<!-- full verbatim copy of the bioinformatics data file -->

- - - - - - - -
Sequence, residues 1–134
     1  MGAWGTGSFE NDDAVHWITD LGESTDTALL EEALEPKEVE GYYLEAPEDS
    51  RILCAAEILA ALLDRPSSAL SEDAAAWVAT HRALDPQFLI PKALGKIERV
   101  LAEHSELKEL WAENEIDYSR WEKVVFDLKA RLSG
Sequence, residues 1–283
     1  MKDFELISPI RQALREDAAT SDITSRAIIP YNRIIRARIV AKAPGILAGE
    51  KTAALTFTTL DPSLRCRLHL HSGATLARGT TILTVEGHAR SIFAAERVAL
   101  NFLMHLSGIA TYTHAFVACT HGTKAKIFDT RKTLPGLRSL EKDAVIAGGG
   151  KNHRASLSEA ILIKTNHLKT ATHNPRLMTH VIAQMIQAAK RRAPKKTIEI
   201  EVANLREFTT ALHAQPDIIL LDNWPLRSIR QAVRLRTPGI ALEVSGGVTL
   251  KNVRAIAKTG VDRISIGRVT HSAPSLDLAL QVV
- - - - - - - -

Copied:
Sequence, residues 1–134
     1  MGAWGTGSFE NDDAVHWITD LGESTDTALL EEALEPKEVE GYYLEAPEDS
    51  RILCAAEILA ALLDRPSSAL SEDAAAWVAT HRALDPQFLI PKALGKIERV
   101  LAEHSELKEL WAENEIDYSR WEKVVFDLKA RLSG
Sequence, residues 1–283
     1  MKDFELISPI RQALREDAAT SDITSRAIIP YNRIIRARIV AKAPGILAGE
    51  KTAALTFTTL DPSLRCRLHL HSGATLARGT TILTVEGHAR SIFAAERVAL
   101  NFLMHLSGIA TYTHAFVACT HGTKAKIFDT RKTLPGLRSL EKDAVIAGGG
   151  KNHRASLSEA ILIKTNHLKT ATHNPRLMTH VIAQMIQAAK RRAPKKTIEI
   201  EVANLREFTT ALHAQPDIIL LDNWPLRSIR QAVRLRTPGI ALEVSGGVTL
   251  KNVRAIAKTG VDRISIGRVT HSAPSLDLAL QVV